Headshot of David Hillis

David Hillis


Dr. Hillis is the Director of the Biodiversity Center and a professor in the Department of Integrative Biology. Best known for his studies of evolutionary biology and the diversity of life, he is a recipient of a prestigious MacArthur Fellowship, a member of the US National Academy of Sciences, and a member of the American Academy of Arts and Sciences. Dr. Hillis's research focuses on vertebrate diversity, molecular evolution of genomes, and the development of evolutionary theory and methodology. He is also the owner of the Double Helix Ranch, which specializes in the genetics and breeding of Texas Longhorn Cattle.


Headshot of David Cannatella

David Cannatella

Associate Director for Collections

Dr. Cannatella oversees the collections for the Biodiversity Center and is a professor and the Chair of the Department of Integrative Biology. Dr. Cannatella has been with the university since 1990 and conducts research into the systematics and evolution of frogs, as well as salamanders, birds and bird fossils. He received his undergraduate degree from the University of Southwestern Louisiana in Lafayette and Master's and PhD degrees from the University of Kansas, after which he conducted postdoctoral research in the Museum of Vertebrate Zoology at the University of California, Berkeley.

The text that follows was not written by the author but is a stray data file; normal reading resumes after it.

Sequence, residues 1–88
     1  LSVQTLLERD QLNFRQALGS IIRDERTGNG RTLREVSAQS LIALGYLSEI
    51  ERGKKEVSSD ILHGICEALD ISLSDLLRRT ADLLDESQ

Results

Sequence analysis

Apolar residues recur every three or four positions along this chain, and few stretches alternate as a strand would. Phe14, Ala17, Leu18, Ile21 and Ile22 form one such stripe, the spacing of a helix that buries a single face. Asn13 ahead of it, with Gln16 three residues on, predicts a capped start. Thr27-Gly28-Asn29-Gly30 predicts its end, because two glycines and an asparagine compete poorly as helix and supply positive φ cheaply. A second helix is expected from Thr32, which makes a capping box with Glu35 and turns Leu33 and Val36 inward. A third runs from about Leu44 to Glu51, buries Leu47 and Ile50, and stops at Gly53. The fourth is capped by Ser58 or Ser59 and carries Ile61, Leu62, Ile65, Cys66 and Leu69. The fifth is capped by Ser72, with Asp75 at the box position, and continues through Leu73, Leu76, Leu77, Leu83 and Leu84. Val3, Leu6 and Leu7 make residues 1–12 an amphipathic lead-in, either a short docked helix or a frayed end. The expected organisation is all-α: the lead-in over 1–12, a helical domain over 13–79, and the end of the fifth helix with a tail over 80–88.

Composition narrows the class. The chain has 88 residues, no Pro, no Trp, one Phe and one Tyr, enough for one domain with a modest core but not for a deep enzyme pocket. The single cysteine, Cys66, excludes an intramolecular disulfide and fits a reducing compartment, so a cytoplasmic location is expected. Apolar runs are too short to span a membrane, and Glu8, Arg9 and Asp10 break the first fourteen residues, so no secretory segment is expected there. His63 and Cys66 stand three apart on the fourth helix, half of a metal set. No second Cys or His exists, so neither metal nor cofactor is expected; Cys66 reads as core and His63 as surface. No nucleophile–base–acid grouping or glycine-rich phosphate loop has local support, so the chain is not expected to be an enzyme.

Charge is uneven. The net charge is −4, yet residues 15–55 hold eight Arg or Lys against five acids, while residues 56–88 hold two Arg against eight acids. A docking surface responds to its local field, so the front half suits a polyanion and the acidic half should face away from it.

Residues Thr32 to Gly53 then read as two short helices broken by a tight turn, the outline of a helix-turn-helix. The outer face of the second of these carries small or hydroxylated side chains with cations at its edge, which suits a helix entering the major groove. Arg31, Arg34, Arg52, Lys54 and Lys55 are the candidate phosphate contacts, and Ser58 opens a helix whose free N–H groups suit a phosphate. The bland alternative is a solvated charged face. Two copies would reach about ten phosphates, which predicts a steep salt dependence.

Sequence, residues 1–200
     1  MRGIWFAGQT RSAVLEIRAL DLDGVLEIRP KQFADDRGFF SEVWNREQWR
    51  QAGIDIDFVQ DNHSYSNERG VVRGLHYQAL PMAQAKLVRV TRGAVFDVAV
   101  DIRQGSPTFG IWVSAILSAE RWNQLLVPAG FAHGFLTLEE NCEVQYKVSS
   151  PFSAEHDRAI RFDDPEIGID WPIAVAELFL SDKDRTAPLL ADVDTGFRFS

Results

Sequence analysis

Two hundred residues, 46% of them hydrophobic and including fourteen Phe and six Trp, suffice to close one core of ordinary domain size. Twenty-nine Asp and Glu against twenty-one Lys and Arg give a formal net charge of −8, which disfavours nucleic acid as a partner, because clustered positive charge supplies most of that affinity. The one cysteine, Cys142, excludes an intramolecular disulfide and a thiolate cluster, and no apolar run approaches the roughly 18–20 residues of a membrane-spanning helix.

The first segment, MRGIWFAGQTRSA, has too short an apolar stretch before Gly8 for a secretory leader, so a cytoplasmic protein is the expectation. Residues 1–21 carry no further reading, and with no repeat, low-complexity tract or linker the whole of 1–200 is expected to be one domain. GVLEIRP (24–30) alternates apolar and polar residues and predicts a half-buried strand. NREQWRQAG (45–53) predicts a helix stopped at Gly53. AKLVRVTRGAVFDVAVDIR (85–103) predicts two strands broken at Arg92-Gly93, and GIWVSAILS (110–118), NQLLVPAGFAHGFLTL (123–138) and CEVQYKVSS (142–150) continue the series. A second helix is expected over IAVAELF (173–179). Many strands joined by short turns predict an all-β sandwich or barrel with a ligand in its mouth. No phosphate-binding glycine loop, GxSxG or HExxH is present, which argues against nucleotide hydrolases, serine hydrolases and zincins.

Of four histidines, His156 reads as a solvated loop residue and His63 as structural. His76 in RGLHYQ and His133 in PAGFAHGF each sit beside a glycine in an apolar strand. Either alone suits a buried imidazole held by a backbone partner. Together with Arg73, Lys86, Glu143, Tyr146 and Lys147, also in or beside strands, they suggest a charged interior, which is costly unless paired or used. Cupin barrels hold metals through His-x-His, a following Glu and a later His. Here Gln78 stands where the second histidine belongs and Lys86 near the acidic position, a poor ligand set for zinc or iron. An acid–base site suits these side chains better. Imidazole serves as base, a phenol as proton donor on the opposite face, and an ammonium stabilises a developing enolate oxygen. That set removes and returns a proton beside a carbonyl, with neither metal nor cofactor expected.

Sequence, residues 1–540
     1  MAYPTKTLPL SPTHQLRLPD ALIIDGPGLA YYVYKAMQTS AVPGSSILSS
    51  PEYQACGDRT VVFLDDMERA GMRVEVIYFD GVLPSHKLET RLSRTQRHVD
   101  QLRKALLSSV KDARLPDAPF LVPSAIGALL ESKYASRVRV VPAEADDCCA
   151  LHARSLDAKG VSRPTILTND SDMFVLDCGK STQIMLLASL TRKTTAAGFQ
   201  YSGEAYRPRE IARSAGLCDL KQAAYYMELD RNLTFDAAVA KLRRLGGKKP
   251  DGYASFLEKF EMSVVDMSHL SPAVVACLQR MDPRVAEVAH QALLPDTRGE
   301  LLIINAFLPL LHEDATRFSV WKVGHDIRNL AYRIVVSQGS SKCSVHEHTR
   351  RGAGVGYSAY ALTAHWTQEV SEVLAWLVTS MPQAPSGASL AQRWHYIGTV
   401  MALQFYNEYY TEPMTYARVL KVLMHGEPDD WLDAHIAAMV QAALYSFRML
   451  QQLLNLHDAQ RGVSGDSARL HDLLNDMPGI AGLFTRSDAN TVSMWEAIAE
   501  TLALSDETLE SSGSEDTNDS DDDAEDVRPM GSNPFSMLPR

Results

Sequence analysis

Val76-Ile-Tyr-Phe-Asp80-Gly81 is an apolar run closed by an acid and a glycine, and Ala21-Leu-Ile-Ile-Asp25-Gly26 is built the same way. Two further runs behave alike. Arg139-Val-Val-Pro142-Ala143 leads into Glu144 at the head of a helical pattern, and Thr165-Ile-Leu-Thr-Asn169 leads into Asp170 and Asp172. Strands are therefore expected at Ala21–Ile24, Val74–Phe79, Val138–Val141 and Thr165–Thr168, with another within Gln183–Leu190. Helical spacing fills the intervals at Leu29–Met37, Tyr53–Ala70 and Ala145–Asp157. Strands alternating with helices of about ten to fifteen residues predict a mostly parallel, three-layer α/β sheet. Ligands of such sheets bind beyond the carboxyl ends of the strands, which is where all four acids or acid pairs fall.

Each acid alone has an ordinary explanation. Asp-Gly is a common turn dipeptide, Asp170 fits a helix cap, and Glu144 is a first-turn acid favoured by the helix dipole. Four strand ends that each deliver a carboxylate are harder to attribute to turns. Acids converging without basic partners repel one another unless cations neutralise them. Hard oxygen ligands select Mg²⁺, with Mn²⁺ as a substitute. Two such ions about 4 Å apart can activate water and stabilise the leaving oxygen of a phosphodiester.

Headshot of Ken Wray

Ken Wray

Managing Director, Texas Field Station Network

Dr. Wray is responsible for executing the vision and mission of the Texas Field Station Network, where he coordinates research, education, and outreach across the growing number of UT field stations in the network. His research interests are broadly focused on biodiversity, including trait evolution, adaptation, morphological and molecular systematics, and conservation. He has worked for several museum collections, including the Florida Museum of Natural History, the University of Texas at Arlington Amphibian and Reptile Diversity Research Center, and the Iowa State Vertebrate Collection and has served as the Director of Conservation and Research at the Santa Cruz Forest Reserve in the Peruvian Amazon. He also worked in public education for 10 years, having taught a number of different science courses in two of the largest school districts in Texas (Arlington ISD and Northside ISD). He currently holds a Composite Science teaching certificate and the Principal as Instructional Leader certificate from the Texas Education Agency. 

Headshot of Lawrence Gilbert

Lawrence Gilbert

Associate Director for Field Stations

Dr. Gilbert is a professor in the Department of Integrative Biology. His research focuses on experimental population dynamics and developmental genetics of mimetic color patterns in Heliconius butterflies. By working across different levels of biology in the same tropical food web, he hopes to understand both the context and the mechanisms of evolution and coevolution. By carefully studying population-level events in the system, he hopes to understand rainforest diversity in terms of why low-density species persist and coexist with congeners locally. He is also interested in applying findings of basic evolutionary ecology to conservation of diversity and better management to agroecosystems.